One of the NFL draft’s finest talents sat and waited, the picks coming and going on the Chicago stage, and Mississippi offensive tackle Laremy Tunsil waited with nowhere to go.
Shortly before the selection show began, Tunsil’s own Twitter page posted a video of the all-American wearing a gas mask with what appeared to be a marijuana pipe attached to it. Another person held a lighter to the pipe before smoke filled the frame, and after a few seconds Tunsil removed the mask, showing his face.
The video and Tunsil’s entire account were deleted, but the 30-second video was nevertheless shared around the Internet. Cameras frequently found Tunsil, waiting in the Auditorium Theatre green room looking dazed and apprehensive. Projected as high as the draft’s No. 3 overall pick — behind only quarterbacks Jared Goff and North Dakota State’s Carson Wentz — Tunsil fell to No. 13, where the Miami Dolphins selected him.
“Man, it was a mistake,” Tunsil said in a brief NFL Network interview aired shortly after he walked onto the stage to hold up a Dolphins jersey.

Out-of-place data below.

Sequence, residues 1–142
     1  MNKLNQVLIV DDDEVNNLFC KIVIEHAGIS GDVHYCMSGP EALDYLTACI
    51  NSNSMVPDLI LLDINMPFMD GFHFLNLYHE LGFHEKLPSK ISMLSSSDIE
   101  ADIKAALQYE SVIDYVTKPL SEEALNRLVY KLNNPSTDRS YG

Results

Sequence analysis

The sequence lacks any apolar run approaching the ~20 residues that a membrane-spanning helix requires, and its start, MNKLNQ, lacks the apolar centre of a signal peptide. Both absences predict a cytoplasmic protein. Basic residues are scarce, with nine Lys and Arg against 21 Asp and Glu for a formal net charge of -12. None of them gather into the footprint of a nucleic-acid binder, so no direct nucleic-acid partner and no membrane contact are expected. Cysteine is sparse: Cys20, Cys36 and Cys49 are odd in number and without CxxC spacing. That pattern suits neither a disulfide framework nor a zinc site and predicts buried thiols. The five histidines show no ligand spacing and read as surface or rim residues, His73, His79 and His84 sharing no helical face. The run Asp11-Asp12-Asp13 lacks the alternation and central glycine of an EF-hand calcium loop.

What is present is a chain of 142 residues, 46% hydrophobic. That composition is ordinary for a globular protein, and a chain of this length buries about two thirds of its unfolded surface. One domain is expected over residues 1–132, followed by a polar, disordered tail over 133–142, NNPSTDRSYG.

After Tunsil’s selection, the player’s verified Instagram page posted screenshots of text messages in which Tunsil appeared to be asking Ole Miss football operations chief John Miller for assistance in paying utility bills for his mother and rent for Tunsil himself. The NCAA suspended Tunsil seven games last season for receiving impermissible benefits.
The lineman, reiterating comments made by his representatives in the immediate time following the video surfacing, said his Twitter account was hacked and that the incident occurred years ago. “That’s how it got on there, man. It’s a crazy world, and things happen for a reason,” Tunsil, whose pre-draft drug tests came back negative, said during the NFL Network interview.
He said he did not know about the existence of the video before the draft began and would not speculate on who posted it.
Tunsil’s stepfather, Lindsey Miller, filed a lawsuit against the player in Mississippi on Tuesday, alleging Tunsil attacked Miller and defamed him. Tunsil’s attorney issued a statement calling the suit an “unsavory attempt to obtain money” from the lineman.
Still, it was a steep, costly, agonizing fall for one of the draft’s most impressive players. Tunsil, a 6-foot-5 and 315-pound blocker, was an almost certain top-five pick and was seen as perhaps the draft’s most NFL-ready prospect. But in addition to his suspension for receiving impermissible benefits, Tunsil suffered from nagging injuries during his three seasons at Ole Miss.
On the draft stage Thursday night, far later than he planned to be there, Tunsil told NFL Network that he plans to prove to Miami that he will make himself known for protecting quarterback Ryan Tannehill and nothing else.
“I’m going to show everybody what type of person I am. I’m a great person, despite all the mistakes, man,” he said during the interview. “They don’t have to worry about nothing else.”